Glen Campbell: I'll Be Me This might be considered something of an esoteric pick, as I doubt there are a ton of Glen Campbell fans on this site. My appreciation of the musician/actor has grown exponentially in the last three or four years, but the real reason I'm recommending this documentary is because it's important to me. Glen Campbell: I'll Be Me takes a look at the man's career, but also his diagnosis with Alzheimer's Disease and subsequent retirement from the spotlight. He's been told that soon he won't remember how to play the guitar or make music, but more importantly, that he's going to forget everyone that he loves, so he's saying goodbye while he can. Typing that sentence devastates me, especially since this has touched my own family recently. Still, there's beauty in being able to say goodbye, and this documentary allows Campbell something that not everyone gets. This is definitely not for everyone, but I'm sure it's for someone.
Bedazzled (1967, dir. Stanley Donen) Boy, this movie (the original and still champion, not the Brendan Frasier remake, which has its fans) was very, very difficult to see for a very, very long time. I am jealous and envious of my students, who have access to thousands of classic films by merely stealing someone else’s Netflix login credentials. Get off my lawn. There is so much to love here: Peter Cook and Dudley Moore fresh off their early success with the comedy revue Beyond the Fringe, Stanley Donen directing with a real feel for the material, Eleanor Bron (sigh) in a rare romantic lead, and of course, the Order of the Leaping Berylians, a cloister of nuns on trampolines. I am convinced that there was a short window of time in which Peter Cook (who penned the screenplay) was the funniest person in England. A recent book about the early days of Monty Python reveals that all of its members were in awe of Cook back when they were all just college students at Oxford and Cambridge. It is such a shame that most Americans only know Cook decades later as the “Mawwidge… bwings us all together” priest from The Princess Bride. Sigh. Cook plays Satan here (actually named George Spiggot) to Dudley Moore’s Faust. Cook promises Moore seven wishes in exchange for his soul, wishes that Moore uses to woo the love of his life, Bron. It doesn’t go well because (spoiler alert!) Satan is a liar. Along the way, we get ancillary and tangential material about Pop stardom, Froonie’s Green Eye Wash, the love life of houseflies, and, of course, Raquel Welch.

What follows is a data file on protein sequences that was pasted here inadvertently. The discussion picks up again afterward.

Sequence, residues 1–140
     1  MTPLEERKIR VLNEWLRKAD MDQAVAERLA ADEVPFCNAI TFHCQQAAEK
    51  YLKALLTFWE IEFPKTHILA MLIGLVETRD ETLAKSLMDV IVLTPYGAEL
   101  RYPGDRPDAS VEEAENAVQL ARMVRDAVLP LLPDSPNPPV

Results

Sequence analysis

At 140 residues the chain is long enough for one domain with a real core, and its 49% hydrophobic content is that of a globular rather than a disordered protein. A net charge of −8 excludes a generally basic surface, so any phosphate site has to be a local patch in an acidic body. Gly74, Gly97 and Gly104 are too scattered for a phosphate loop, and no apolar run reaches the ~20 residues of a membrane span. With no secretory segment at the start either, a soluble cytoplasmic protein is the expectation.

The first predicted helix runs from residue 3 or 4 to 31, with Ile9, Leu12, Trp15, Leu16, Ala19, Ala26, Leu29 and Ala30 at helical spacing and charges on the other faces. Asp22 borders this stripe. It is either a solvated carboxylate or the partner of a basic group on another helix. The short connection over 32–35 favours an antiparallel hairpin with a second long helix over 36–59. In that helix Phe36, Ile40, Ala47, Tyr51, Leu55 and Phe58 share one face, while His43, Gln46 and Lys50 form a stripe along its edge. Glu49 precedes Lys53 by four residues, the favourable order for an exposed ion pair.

Electric Boogaloo: The Wild, Untold Story of Cannon Films (2014, dir. Mark Hartley), a feature-length documentary chronicling the history of Cannon Films. Anyone who reads this site (or has ever talked to me) knows that Cannon is very near and dear to my heart, and this documentary is a celebration of all those crazy, trashy movies as well as the story about a studio that lived and breathed movies but overextended themselves and eventually collapsed. There are a bunch of great talking heads, some really fun stories and, best of all, a ton of clips from my beloved Cannon library. If you're completely unfamiliar with Cannon, this is a great place to start. If you know and love them as I do, it plays like a greatest hits reel.
My second pick is Tangerine, writer/director Sean Baker's comedy about a day in the life of two transgender prostitutes hustling in L.A. The movie made a name for itself by being shot entirely on an iPhone, and if that gets you to check it out as a curiosity it will be worth it. The film is gorgeous and buzzing with life, funny and profane and moving. It's also a Christmas movie -- hopefully one that people will begin to revisit every year. I reviewed the movie back in August and it still remains one of my favorites of the year.